It has been an absolute joy to discover that the distribution channels between film industries have become noticeably wider over recent years. Following a large injection of cash from the Canadian government back in 2001, the revival and, thus, quality of pictures coming from the state of Canada have been hard to ignore.
Comedy is a genre that has traditionally tittered on the brink of outlandish for Canada but they consistently get it right. Starbuck is one of those that runs on a slightly unbelievable premise but manages to hold it together (for the most part).
Written and directed by Ken Scott, we follow dead-beat 40-something David Wozniak (Patrick Huard) who seems to be a failure at almost everything. An $80,000 debt has forced him to grow the most unsuccessful cannabis farm in his attic. His girlfriend Valerie (Julie LeBreton) has just found she’s pregnant and, unsurprisingly, wants nothing to do with him. It goes from bad to worse when a young, penniless David had taken a few too many trips to the sperm bank resulting in David fathering 533 offspring, 142 of whom now wish to overturn the court ruling and find out who their father is. Will he reveal his identity?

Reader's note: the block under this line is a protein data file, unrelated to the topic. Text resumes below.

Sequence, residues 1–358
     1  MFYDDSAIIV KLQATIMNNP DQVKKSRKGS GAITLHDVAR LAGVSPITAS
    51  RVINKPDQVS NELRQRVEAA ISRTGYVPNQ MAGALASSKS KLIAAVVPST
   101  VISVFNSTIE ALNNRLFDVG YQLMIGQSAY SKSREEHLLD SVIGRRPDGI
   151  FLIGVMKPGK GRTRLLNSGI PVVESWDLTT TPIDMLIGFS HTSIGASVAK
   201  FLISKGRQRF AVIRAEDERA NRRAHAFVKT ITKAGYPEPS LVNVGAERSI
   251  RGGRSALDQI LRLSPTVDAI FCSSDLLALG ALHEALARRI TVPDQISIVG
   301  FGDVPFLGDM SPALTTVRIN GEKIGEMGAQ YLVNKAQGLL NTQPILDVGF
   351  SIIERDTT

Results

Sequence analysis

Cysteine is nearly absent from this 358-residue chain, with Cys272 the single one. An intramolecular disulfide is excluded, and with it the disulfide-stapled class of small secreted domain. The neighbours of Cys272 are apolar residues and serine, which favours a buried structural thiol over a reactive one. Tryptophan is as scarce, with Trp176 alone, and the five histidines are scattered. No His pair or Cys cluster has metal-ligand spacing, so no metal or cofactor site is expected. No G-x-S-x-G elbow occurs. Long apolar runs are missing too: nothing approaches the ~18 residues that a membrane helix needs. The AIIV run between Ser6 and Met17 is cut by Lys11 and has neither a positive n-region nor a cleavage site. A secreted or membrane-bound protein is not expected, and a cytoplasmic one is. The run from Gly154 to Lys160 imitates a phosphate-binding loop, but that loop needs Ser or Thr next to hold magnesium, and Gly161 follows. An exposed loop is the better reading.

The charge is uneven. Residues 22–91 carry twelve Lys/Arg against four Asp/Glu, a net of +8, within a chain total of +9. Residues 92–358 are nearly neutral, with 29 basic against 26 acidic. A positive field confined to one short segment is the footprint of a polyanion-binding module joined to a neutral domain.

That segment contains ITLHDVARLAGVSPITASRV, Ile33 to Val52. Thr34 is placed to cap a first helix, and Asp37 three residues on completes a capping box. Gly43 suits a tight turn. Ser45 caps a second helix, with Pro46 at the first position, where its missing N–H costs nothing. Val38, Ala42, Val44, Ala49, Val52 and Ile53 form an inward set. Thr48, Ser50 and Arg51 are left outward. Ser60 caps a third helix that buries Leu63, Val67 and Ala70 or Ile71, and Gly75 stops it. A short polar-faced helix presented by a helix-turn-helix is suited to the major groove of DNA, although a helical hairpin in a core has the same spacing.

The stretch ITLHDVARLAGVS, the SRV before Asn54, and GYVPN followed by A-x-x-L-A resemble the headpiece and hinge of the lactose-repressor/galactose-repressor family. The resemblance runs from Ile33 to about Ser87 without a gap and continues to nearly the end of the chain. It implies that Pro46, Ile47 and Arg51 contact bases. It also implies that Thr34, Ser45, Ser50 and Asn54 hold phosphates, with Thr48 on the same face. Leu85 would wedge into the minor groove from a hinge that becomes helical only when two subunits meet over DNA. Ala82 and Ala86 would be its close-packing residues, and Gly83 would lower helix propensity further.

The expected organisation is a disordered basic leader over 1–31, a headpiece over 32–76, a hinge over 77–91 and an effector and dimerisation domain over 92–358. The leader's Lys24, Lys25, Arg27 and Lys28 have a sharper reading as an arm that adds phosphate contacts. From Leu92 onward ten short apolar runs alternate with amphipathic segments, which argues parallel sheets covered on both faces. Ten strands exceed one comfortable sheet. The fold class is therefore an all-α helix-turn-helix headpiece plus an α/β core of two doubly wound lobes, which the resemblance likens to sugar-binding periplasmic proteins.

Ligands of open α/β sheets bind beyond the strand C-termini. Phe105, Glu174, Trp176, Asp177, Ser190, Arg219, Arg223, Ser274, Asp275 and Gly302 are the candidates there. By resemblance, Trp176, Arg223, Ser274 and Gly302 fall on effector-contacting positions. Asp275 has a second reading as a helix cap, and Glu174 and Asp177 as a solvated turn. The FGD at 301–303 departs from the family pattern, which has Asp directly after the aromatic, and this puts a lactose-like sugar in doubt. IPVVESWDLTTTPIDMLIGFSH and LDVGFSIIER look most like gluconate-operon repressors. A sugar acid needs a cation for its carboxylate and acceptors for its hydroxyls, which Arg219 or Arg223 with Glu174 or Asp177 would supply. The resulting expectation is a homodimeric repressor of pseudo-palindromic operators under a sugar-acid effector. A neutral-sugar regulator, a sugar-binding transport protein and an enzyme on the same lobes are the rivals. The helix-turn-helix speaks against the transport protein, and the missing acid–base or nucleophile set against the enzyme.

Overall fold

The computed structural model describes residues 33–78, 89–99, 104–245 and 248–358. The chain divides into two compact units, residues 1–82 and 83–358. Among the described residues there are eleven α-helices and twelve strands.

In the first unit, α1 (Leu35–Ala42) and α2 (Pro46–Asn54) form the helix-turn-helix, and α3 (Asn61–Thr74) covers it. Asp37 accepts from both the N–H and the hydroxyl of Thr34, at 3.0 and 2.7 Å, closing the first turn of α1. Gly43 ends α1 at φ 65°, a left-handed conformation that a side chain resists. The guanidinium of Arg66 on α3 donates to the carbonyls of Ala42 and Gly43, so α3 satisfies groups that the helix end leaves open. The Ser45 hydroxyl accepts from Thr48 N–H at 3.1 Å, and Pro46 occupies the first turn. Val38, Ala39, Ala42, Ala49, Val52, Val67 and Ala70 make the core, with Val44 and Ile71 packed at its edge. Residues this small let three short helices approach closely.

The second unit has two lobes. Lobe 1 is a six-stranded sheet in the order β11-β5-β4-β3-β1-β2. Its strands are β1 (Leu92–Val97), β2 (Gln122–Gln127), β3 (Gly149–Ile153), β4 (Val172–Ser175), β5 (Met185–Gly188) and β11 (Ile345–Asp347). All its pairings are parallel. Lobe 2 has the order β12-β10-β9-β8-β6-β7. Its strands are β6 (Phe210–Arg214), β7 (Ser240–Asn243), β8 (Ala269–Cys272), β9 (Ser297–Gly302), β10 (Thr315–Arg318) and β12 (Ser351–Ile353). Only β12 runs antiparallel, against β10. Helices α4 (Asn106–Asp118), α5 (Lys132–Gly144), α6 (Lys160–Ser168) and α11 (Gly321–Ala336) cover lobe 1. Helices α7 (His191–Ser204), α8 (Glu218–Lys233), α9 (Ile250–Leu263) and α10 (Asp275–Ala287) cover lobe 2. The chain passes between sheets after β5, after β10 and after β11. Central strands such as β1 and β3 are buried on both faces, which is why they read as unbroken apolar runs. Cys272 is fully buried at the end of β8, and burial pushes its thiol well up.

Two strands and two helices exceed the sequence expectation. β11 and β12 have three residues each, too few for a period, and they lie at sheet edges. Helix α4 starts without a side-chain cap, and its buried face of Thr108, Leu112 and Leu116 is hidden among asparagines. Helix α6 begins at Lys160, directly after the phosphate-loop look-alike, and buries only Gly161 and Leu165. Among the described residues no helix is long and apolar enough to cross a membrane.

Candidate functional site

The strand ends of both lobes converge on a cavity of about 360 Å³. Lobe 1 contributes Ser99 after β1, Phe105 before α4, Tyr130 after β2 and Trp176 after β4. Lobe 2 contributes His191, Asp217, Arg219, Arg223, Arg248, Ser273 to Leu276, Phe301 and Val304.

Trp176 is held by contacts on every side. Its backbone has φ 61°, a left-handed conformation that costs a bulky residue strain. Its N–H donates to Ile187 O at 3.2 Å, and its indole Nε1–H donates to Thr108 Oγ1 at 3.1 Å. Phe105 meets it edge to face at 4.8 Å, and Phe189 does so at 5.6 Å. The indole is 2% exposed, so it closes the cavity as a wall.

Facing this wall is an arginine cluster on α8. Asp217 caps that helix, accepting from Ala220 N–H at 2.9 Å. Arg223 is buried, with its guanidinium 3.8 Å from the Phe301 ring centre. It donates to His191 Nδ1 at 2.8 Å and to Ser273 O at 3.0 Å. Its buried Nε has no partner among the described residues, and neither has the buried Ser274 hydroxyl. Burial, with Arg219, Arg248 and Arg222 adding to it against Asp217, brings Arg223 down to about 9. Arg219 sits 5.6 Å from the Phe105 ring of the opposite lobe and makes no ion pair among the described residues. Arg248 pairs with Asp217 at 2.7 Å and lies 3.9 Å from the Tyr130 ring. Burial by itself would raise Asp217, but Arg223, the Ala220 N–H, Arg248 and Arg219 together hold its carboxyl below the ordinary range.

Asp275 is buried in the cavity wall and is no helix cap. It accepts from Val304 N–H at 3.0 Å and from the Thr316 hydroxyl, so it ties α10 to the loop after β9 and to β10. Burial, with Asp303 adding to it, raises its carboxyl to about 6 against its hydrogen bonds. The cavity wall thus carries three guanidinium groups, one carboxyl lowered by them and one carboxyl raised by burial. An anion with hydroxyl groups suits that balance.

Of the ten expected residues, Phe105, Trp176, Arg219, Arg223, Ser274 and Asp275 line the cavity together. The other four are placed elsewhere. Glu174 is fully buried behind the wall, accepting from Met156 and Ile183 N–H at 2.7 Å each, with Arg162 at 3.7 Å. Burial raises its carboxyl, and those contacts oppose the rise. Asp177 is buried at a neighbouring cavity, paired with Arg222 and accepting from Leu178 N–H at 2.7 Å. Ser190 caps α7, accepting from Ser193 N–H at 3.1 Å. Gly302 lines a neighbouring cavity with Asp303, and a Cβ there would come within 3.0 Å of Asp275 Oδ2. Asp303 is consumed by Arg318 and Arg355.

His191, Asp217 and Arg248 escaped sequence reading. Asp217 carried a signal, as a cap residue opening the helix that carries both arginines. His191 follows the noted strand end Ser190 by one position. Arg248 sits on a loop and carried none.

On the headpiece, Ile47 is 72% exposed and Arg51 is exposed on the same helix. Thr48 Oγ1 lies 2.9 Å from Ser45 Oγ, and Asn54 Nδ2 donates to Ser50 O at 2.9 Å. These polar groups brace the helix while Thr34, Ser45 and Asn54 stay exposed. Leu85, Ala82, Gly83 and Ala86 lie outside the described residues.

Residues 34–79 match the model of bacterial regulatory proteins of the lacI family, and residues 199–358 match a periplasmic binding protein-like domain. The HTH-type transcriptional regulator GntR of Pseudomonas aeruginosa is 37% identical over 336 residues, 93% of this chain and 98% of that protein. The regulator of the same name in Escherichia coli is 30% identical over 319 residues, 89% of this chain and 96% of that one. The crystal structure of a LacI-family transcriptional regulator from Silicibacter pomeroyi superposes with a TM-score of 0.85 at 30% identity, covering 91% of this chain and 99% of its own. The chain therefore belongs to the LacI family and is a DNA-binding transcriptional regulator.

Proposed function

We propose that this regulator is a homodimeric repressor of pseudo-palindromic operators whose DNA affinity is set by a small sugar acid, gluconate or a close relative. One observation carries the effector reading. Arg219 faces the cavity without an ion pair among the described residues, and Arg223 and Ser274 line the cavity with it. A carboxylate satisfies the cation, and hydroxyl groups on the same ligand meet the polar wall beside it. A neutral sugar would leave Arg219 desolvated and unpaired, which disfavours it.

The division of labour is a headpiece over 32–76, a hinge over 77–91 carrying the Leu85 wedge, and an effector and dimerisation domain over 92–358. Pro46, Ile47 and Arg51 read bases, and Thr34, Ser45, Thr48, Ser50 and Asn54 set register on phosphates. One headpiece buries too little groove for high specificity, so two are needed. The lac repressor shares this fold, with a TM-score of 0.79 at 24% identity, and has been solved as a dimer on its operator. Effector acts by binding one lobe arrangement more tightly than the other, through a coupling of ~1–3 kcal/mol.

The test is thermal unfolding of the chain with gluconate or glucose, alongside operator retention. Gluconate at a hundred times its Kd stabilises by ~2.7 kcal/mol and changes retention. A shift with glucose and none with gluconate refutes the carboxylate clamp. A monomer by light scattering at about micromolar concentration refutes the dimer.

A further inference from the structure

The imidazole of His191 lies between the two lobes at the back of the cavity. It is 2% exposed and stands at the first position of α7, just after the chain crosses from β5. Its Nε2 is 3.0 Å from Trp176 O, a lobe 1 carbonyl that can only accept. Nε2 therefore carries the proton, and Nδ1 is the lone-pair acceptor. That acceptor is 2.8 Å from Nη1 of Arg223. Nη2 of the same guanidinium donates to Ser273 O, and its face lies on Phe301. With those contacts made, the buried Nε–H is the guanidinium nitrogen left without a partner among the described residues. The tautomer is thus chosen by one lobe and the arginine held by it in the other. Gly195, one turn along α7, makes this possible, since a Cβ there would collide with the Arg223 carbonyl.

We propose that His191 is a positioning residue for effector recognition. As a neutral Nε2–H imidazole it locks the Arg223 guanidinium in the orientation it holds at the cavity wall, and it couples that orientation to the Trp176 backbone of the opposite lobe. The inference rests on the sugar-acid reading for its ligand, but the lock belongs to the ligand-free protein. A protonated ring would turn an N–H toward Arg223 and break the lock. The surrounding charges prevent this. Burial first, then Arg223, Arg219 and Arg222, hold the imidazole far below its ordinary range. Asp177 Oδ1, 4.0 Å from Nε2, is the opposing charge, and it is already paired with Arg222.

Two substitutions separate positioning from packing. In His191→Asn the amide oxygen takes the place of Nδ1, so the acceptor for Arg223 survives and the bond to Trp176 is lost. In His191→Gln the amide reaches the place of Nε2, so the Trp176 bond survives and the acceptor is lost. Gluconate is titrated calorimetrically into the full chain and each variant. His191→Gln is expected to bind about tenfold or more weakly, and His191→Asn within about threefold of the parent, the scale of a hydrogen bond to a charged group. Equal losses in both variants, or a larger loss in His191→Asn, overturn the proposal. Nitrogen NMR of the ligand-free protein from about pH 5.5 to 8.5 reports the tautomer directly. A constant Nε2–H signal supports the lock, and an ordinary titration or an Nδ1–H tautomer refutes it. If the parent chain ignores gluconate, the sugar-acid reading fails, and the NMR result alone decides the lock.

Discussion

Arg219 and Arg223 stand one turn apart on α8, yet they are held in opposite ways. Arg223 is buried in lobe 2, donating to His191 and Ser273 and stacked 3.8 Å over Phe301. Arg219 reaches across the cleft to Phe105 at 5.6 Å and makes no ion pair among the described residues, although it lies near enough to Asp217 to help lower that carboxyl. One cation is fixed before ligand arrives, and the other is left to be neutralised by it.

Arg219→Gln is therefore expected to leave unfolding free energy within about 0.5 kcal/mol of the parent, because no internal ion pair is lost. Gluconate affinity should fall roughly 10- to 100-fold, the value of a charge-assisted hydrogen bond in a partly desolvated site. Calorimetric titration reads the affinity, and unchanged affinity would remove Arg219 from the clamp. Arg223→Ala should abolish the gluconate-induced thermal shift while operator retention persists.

A decision made by Scott was to have Wozniak in every scene, possibly to keep the primary focus of the story from his perspective. It works incredibly well as Wozniak is the funniest character and invites most of the big laughs the film has to offer. Although the premise of the film is believable, it is incredibly unlikely. However, this merely gives the director artistic licence to have fun and make, what turns out to be, an enjoyable little comedy.
Having said this, Starbuck is far from perfect. It is what one would call “slightly rough around the edges” as there are a few scenes that could have done with a nip and a tuck. The relationship Wozniak has with his best friend and legal aid, played by Antoine Bertrand, is touching in parts but gets more and more annoying the more we see of it. News that Hollywood are planning a stab at the story with Vince Vaughn playing the part of Wozniak and Scott directing once more is a welcome one, as I feel a bigger budget would allow for this extraordinary story to be better told.
All involved give a valiant effort and brilliantly showcase the comedic talent that Quebec has. All that is left to say is that it is a crying shame Starbuck won’t be available in more screens when it is finally released in the UK.
Watch the trailer here: